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Occupational therapy, pharmacist licensing reforms considered in Senate

  

JEFFERSON CITY, Mo. — With a substitute and several amendments adopted, a licensure bill covering occupational therapists, pharmacists, and other professions was sent for fiscal review Thursday. 

HB 542 began in the House with the Occupational Therapy License Compact and grew to include other licensing measures by the time it reached the Senate floor. The underlying bill would allow eligible occupational therapists and assistants to practice in other member states; active-duty military members and their spouses would also retain home-state licensure without having to maintain residency. 

“This substitute mostly includes provisions this body has already approved related to professional registration and licensing,” handler Sen. Eric Burlison said. “This doesn’t have as much in it as previous licensing bills, but it does include several provisions we’ve passed before.”

Other provisions included in the Senate substitute would prohibit any laws restricting licensed dieticians from operating within the scope of their professions, expand the definition of architecture to include design and construction of private buildings, and repeal exemptions disallowing the use of titles for architects working on small private projects. Another measure would allow psychologists working with the Department of Corrections who face complaints from prisoners to submit a request to destroy records related to the case if the allegations are found unsubstantial.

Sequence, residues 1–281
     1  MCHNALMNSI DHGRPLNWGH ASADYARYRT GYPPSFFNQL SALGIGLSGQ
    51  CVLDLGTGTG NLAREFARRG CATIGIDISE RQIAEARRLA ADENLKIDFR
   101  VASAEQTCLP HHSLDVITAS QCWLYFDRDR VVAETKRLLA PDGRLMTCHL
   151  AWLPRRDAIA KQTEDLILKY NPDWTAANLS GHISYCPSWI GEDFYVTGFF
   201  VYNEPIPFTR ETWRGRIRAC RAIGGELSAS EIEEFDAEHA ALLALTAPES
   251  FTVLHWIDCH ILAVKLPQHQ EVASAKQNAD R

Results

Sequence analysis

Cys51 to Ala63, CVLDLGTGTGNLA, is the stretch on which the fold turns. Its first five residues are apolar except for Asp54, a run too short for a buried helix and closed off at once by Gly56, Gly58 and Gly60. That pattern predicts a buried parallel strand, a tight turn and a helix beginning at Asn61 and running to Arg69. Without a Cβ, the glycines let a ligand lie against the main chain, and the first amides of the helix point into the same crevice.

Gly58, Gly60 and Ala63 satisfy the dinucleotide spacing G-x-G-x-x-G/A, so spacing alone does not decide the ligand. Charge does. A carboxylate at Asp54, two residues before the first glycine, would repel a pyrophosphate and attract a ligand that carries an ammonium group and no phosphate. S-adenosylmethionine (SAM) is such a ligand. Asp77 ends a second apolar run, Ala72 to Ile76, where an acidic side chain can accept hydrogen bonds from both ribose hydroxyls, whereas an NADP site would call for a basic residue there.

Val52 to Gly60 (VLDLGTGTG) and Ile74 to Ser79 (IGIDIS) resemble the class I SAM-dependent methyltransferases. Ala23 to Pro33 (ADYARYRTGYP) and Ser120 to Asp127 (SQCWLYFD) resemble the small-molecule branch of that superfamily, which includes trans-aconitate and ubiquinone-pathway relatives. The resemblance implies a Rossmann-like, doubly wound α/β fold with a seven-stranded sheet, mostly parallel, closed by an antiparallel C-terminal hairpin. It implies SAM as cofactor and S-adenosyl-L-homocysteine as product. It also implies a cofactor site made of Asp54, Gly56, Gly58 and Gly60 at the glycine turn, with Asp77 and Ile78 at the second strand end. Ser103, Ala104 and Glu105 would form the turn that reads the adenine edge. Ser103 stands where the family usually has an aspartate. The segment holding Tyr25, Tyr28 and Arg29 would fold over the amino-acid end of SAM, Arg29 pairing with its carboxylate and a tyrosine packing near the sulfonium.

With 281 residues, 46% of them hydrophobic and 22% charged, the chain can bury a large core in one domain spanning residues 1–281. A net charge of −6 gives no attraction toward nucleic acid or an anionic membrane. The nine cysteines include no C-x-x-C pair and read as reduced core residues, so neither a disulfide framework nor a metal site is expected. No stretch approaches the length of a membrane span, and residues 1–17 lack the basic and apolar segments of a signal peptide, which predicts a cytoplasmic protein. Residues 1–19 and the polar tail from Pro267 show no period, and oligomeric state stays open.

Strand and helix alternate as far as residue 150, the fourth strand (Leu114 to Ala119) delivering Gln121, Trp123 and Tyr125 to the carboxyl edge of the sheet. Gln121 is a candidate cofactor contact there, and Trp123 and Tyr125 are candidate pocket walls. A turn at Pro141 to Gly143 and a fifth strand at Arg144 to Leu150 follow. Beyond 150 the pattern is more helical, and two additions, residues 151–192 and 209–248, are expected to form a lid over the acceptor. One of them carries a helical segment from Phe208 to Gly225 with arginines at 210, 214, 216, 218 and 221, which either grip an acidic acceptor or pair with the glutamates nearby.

Six amendments were added to the bill before the package was sent to the Governmental Accountability and Fiscal Oversight Committee to evaluate the cost of the proposals. 

Sen. Greg Razer’s SB 79 was also unanimously added as an amendment on the floor. The measure would allow pharmacists to dispense HIV post-exposure prophylaxis (PEP) medications, provided that the pharmacist has completed a training program. PEP treatments are used within the critical three-day period after exposure to the virus. 

“This is an important step toward reaching an HIV-free generation,” Razer previously told The Missouri Times. “It’s a great day for the state of Missouri, but also a step toward ending the world’s last great pandemic.”

Another amendment from Razer would allow pharmacists to administer COVID-19 vaccines; it originally allowed the administration of vaccines approved by the Federal Food and Drug Administration (FDA) but was expanded to include an emergency clause in case of a gap between the bill’s effective date and the expiration of the FDA’s emergency use order on the vaccines. 

Other amendments would allow realtors to establish LLCs to receive pay, remove statutory language restricting embalmers and funeral home directors, and establish a tax credit for faculty serving as preceptors for medical students. The credit would be funded through an increase in licensing fees. 

Several licensing reform bills have progressed through the upper chamber with a myriad of amendments in tow this session.